Sunday, February 19, 2012

Hay Bale Hell

Hay Bale Hell – February 12, 2012

I have continued this blog so that I can remember the fun and pain of getting ready for my second attempt at Death Race. My good friend Bill Benoit, whom I have been through Ironman and many triathlons with, has decided, for whatever twisted reason, to join me in the training. I have been doing triathlon training during the week, with Death Race training taking place on Sundays, 4-5 hour long sessions at this point. We have decided to take turns creating the workouts, leaving the other person in the blind as to what to expect much like Andy and Joe do to us in Vermont. This week is Bill’s turn.

Big Task Ahead
Bill Tries The Superman Approach
Gravity Sucks - Won't Be Trying That Again
 I was told to be at his dad’s farm in Brookeville at 7am with a posthole digger, knife and calculator. A cold front had come in the night before and it was 4 degree wind chill when we started. There was an inch or so of snow on the ground and it was windy. Our workout began with a 3-4 mile hike through the Tridelphia Reservoir. It was cold, but very pretty. Soon we came to a field that his family hunted geese on and we went to one of the blinds. Bill pulled out two sealed envelopes that his girlfriend had prepared. We were to memorize a list of 5 romantic gestures that should be considered for Valentines (which was in a few days). After gagging on the sappiness of the list, I set out to memorize it. We exchanged envelopes in order to be tested later and set out again. I went to take a drink of water from my camelback, only to find that it frozen. Could be problem later.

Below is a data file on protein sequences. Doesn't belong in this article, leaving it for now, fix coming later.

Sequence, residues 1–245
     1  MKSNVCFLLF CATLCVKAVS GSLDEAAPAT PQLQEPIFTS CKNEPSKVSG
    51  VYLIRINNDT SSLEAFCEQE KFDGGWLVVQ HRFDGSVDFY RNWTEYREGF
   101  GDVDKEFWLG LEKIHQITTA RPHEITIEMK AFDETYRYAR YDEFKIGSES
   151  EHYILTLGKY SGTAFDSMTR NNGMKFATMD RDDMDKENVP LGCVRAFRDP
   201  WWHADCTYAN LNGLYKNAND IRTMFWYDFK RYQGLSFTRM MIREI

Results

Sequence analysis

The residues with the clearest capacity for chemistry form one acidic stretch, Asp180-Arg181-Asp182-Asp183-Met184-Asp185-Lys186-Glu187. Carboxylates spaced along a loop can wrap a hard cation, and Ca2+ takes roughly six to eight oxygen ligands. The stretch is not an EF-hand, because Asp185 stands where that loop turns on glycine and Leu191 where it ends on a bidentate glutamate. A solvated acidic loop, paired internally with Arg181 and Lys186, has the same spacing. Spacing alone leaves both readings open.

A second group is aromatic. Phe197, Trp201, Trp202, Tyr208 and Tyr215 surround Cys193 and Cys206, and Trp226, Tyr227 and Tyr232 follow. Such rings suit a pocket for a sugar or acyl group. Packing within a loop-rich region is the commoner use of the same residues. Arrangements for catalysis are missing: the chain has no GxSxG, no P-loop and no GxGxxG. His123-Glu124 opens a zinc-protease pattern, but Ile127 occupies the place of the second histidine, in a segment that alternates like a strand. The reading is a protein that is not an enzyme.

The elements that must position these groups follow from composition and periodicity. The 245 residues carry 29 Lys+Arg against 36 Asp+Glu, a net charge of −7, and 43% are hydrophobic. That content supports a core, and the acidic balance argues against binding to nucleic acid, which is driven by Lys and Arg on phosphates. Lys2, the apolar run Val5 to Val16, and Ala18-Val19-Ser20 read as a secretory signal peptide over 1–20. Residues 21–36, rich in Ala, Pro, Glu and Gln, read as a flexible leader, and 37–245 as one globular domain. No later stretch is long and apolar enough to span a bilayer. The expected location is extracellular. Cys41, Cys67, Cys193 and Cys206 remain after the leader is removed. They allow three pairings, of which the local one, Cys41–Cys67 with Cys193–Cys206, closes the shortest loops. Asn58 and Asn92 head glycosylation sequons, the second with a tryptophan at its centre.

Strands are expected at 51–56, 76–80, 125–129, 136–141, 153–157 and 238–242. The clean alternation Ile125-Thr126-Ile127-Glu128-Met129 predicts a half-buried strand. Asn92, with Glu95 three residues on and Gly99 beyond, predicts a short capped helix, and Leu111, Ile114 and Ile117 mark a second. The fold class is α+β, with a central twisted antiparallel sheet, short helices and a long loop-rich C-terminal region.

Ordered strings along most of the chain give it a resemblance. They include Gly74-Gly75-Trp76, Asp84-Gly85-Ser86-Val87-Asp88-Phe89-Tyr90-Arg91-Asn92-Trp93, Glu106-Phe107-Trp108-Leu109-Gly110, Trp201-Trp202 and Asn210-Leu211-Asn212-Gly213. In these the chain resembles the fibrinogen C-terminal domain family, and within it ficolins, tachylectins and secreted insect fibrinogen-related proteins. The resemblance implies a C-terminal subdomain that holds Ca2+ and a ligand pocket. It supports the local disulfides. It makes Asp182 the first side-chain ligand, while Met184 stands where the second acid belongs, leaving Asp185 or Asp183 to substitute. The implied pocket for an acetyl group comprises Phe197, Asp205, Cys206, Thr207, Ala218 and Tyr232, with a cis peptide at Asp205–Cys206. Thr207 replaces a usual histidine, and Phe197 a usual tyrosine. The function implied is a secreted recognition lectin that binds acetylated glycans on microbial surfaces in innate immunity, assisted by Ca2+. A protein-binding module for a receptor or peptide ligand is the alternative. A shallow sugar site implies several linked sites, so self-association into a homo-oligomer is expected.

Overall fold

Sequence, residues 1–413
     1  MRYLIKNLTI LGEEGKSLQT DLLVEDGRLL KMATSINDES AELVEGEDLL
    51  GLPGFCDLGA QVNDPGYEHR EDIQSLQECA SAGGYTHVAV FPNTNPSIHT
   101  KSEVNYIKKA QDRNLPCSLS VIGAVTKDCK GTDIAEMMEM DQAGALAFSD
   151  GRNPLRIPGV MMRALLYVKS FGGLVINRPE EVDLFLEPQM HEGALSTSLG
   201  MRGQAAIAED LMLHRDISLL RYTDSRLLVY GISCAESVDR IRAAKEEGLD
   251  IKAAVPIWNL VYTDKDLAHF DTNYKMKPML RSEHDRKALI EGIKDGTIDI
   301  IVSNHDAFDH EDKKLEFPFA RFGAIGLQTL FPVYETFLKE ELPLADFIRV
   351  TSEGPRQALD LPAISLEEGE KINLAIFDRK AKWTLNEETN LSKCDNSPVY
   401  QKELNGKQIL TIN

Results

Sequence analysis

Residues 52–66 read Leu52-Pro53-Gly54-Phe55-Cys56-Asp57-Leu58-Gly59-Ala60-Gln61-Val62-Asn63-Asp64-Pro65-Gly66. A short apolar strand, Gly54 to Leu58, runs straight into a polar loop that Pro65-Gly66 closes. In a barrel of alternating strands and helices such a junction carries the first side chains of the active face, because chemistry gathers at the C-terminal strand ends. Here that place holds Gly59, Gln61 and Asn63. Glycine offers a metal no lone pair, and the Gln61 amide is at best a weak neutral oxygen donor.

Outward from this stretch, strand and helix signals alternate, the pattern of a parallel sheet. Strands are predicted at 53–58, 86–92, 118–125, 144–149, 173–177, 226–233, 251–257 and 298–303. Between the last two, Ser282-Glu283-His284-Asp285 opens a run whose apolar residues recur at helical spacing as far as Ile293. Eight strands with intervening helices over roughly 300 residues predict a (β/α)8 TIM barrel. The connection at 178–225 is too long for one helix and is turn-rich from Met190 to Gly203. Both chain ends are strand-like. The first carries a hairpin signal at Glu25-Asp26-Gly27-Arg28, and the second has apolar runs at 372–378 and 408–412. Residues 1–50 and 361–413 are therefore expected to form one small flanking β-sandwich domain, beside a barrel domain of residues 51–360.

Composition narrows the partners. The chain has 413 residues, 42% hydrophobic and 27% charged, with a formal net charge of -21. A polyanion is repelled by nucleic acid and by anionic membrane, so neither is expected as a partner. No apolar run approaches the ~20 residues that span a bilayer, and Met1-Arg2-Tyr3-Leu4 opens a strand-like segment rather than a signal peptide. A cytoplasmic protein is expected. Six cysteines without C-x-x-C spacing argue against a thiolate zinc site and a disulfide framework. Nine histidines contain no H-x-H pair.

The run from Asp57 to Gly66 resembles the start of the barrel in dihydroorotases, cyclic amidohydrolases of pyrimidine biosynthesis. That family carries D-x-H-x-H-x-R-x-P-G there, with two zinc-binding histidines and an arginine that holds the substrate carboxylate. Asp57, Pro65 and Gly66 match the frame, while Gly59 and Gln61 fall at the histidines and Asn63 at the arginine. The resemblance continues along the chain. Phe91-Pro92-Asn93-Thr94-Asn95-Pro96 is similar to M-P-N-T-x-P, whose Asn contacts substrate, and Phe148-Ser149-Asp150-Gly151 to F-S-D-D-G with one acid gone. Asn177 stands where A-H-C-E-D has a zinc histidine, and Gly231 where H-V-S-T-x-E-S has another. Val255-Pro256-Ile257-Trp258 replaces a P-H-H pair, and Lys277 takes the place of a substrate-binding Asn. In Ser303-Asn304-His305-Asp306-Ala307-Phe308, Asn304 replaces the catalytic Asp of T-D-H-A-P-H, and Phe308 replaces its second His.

This time we came to a field that had large 6’ round hay bales in it. Bill said that he did not know how many there were, but that we were going up and over every single one. I walked up to the first one not quite sure how to approach this task. After several failed attempts that resulting in landing on my ass, I managed to get up and over. This was going to take a long time. There was snow on top of most of them, and when there wasn’t snow, there was goose crap. Lovely. We got into a rhythm and were moving along fairly well. After a while though, my gloves were wet and my hands were beginning to be very painful from the cold. We got to what appeared to be the last one in the field (50 in all). Feeling good about the accomplishment, I looked around and spotted one more up on a slope to the left. Not being one to leave anything undone, we trudged up there to finish this part of the workout only to find another section of the field filled with hay bales. My heart sank with gloom for a moment. This is just the kind of mind games we will face in Vermont. After a few more hours, the total count was 91 bales of hay.

Bill pointed us towards a wooded area where we began reciting our lists from earlier. The rule was 50 pushups for every wrong answer. I got all of mine correct (I had been going over them in my head as we did the hay bales). Bill got two wrong (sorry Irene, hope you had a good V Day anyways) – 100 push up. Before he started them, he handed me a can of soup and some matches. My task was to cook the soup. Feeling extremely confident (I’ve been an outdoorsman all my life, an Eagle Scout and have been through survival training) and looking forward to warming up, I set about to light a fire. I failed miserably. I could not get a fire started to save my life. Embarrassed and with my tail between my legs, we set off to leave the field. I was glad to be rid of hay bales.

We hiked over to a large pile of logs. No Death Race workout is complete without carrying logs so we each picked out logs that looked to weigh around 50 lbs. We retraced our path back to his dad’s farm feeling good overall about the workout, but hungry for chicken soup.

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